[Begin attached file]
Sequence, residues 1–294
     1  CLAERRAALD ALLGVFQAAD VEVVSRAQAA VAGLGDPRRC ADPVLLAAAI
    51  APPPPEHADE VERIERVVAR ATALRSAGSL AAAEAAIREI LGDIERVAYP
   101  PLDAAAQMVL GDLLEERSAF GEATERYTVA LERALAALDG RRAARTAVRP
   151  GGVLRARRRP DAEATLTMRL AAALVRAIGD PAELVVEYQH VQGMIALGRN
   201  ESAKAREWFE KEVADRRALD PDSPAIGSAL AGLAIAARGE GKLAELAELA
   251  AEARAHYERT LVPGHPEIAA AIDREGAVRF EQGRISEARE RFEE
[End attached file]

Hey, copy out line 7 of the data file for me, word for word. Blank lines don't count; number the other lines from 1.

   251  AEARAHYERT LVPGHPEIAA AIDREGAVRF EQGRISEARE RFEE